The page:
Air-to-air refuelling is vital for long-range Global Power missions as it significantly extends the strike range of the bomber fleet, and so this exercise provided the 100th Air Refuelling Wing crews out of RAF Mildenhall some valuable training refuelling B-2s – which they don’t commonly have the chance to do so. Whilst the 100th ARW crews (and KC-135 crews in general) do not have to stay current on specific aircraft types – rather they must be current to operate with “heavy” and “fighter” types – the opportunity to operate with B-2s and B-52s significantly increases the effectiveness and familiarity for both sets of aircrew.

The B-2 crews did conduct a single long range 20+ hour mission with both aircraft which took off on the evening of the 11th June and headed south over the Atlantic, returning on Thursday afternoon using the callsign ICOSA 11/12. This mission was in part to prove the ability of the B-2 fleet to conduct its customary extreme duration missions, but from a base away from their home location at Whiteman.

The ability to do different duration type missions was something that Lt Col Cochran emphasised on:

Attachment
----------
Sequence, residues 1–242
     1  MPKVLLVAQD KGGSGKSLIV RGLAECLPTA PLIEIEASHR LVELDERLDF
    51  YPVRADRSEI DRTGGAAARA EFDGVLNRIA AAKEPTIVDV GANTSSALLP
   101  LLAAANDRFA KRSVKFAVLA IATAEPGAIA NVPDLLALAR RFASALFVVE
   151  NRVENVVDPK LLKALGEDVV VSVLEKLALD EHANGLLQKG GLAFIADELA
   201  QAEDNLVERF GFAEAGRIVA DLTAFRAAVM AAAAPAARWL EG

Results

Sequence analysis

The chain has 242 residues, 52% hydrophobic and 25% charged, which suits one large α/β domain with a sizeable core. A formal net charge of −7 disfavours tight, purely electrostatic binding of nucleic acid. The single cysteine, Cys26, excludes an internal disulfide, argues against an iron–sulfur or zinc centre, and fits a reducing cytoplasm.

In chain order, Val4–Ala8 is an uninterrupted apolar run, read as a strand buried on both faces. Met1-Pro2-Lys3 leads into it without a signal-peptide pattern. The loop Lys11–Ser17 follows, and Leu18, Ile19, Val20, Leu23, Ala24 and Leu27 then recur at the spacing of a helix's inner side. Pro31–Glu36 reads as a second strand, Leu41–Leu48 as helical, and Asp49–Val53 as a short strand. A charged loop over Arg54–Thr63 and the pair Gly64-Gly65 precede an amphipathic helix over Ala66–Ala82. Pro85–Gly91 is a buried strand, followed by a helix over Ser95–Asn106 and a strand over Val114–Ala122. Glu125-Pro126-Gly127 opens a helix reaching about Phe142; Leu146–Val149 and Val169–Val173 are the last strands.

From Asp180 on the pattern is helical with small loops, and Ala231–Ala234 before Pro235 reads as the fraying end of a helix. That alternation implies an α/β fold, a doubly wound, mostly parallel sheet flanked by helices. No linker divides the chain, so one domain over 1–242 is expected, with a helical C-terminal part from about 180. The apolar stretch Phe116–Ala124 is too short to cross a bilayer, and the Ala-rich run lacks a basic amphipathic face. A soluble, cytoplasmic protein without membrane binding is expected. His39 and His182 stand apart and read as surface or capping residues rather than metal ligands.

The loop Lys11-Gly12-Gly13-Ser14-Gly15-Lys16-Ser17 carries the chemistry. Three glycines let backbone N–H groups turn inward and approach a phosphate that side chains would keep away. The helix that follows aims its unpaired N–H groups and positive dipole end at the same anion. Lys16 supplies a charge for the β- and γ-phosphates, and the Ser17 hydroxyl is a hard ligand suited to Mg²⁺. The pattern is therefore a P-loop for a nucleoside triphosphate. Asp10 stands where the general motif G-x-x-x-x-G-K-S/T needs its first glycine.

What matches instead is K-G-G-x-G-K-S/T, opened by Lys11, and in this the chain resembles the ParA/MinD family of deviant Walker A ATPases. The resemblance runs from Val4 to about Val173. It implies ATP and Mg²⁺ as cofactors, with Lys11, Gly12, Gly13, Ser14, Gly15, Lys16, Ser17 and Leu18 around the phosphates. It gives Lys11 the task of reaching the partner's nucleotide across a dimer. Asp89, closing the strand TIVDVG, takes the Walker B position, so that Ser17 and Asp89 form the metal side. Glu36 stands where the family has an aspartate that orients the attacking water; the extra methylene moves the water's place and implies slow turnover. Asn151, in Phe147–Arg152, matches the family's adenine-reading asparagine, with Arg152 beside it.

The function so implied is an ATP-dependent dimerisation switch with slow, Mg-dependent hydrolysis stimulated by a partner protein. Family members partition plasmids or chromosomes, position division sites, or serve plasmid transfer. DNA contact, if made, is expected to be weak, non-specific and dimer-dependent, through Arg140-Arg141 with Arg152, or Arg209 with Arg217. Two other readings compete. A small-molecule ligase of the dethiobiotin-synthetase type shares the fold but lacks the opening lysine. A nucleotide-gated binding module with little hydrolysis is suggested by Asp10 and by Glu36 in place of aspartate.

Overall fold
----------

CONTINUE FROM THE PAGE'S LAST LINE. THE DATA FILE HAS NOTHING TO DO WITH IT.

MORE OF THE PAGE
“We are conducting both long and short duration sorties, with one long duration sortie planned; the airfield here gives us great flexibility in order to practice those skills for those sorties to make us ever combat ready”

Finally Lieutenant Colonel Cochran was asked about any potential future B-2 deployments to the UK, he stated that no future deployments have been planned at this time but would welcome the opportunity to come back and train in this AOR (Area Of Responsibility) at any time.

Of the 24 B-2 pilots participating in the exercise it was also a chance for a British pilot to return home. Flight Lieutenant Ian Hart who is currently serving as an exchange pilot with the United States Air Force gathered much attention both inside and outside of the fence. Ian started his aviation career by joining the RAF in 2002, and spent three and a half years flying the Panavia Tornado GR4 at RAF Marham with 9 Squadron, before moving up to 15 Sqn OCU at RAF Lossiemouth prior to being selected for the exclusive B-2 program with 13th Bomb Squadron.